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Clinical genetics mistakes don’t matter when lives don’t

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From Atlantic:

In one study, Stephen Kingsmore at the National Center for Genome Resources in Santa Fe found that a quarter of mutations that have been linked to childhood genetic diseases are debatable. In some cases, the claims were based on papers that contained extremely weak evidence. In other cases, the claims were plain wrong: The mutations turned out to be common, like the one in Rehm’s anecdote, and couldn’t possibly cause rare diseases.

Of course, people have gotten their kids aborted in the meantime … on the other hand, does that matter these days ?

Daniel MacArthur at Massachusetts General Hospital found a similar trend in a study of over 60,000 people, the results of which have been uploaded to a pre-print server. On average, each of these volunteers is walking around with 53 gene variants that are classified as “pathogenic” in two widely-used databases. When the team took a closer look at 200 of these variants, they found enough evidence to classify just nine of them as pathogenic.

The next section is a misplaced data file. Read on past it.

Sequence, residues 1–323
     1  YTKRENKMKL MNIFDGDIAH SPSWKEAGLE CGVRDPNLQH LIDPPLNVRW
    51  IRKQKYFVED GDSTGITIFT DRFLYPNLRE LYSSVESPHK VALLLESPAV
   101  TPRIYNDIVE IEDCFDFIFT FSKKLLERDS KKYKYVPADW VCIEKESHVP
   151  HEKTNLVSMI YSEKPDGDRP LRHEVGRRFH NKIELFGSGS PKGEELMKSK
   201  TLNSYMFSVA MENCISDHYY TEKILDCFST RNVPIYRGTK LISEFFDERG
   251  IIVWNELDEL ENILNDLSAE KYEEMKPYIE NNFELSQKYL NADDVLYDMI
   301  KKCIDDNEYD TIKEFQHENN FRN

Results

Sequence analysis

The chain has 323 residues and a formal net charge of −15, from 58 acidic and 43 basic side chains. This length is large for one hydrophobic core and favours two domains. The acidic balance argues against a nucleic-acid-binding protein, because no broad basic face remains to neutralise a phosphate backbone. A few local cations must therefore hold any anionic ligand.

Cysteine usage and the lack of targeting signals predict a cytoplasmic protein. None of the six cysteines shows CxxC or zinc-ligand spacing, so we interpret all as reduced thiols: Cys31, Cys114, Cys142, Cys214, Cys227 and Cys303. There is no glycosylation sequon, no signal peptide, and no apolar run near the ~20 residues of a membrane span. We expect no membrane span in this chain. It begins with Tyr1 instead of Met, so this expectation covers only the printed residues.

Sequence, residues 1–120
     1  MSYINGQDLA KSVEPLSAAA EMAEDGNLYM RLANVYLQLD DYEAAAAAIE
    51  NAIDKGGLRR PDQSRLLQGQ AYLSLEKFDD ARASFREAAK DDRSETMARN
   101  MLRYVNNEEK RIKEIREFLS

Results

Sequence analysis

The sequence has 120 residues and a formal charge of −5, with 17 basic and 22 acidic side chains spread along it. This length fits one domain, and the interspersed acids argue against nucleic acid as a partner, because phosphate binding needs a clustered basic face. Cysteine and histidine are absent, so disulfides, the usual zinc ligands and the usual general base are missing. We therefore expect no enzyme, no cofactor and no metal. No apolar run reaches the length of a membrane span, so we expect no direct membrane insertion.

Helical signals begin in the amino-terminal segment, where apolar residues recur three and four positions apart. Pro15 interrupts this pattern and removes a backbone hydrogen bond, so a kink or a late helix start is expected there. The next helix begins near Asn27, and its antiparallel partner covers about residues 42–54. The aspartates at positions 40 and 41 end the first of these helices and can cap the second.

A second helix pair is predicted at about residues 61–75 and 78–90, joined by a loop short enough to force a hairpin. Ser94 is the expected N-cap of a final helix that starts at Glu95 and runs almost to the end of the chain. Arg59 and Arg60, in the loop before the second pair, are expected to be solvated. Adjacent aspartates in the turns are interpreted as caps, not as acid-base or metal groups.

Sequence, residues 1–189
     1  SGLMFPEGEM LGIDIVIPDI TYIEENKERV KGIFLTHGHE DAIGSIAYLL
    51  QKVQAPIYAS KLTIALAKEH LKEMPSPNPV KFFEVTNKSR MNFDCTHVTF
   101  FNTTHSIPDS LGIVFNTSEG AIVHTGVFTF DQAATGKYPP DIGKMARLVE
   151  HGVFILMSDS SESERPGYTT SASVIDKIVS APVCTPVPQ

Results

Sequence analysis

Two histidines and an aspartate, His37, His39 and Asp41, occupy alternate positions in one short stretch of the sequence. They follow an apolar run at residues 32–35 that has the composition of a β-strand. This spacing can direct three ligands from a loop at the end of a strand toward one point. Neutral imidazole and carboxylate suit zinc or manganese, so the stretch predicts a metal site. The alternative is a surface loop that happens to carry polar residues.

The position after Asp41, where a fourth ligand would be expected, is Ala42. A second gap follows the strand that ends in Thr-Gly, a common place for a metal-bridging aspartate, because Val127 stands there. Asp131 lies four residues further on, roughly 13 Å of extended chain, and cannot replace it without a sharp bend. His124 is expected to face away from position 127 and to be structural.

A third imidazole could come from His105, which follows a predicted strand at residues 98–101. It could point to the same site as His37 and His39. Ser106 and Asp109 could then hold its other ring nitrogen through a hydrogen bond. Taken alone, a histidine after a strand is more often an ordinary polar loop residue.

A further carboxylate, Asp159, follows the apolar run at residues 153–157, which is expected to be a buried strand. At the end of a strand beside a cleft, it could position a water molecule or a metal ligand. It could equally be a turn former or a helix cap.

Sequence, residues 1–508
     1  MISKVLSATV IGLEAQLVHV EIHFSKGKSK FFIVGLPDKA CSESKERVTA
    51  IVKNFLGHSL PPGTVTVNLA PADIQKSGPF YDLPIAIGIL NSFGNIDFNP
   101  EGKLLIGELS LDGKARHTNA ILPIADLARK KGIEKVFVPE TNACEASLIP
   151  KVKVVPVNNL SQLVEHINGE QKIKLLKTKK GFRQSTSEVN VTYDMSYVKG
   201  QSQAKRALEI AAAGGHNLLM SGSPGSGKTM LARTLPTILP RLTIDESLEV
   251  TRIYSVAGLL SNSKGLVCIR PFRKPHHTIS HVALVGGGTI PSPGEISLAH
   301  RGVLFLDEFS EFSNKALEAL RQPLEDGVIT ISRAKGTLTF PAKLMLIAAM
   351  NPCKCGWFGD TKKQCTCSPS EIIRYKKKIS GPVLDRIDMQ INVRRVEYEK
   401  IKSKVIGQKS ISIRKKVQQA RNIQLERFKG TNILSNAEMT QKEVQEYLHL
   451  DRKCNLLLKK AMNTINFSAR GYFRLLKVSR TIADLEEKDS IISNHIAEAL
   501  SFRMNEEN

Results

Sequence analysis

These problems are understandable in a historical light, but they are still around today. Just last year, one paper linked to a severe recessive genetic disease to a variant that’s carried by 70 percent of the people in large genetics databases. “That’s just egregiously wrong,” says MacArthur. “There’s absolutely no excuse.” More.

What’s not being discussed is that, because unborn children today are technically medical waste once they are slotted for “termination,” it doesn’t really matter much. The main thing for the practitioner is not to get sued for failing to offer the “medical waste” option.

Apparently, there is a lot of wrong stuff in medical journals, that can’t be got out, and of course there are the usual pleas for reproducibility.

But typically, things don’t change unless someone’s death actually matters. In the meantime, we should be cautious about anything we hear from this field.

See also: Replication as key science reform?

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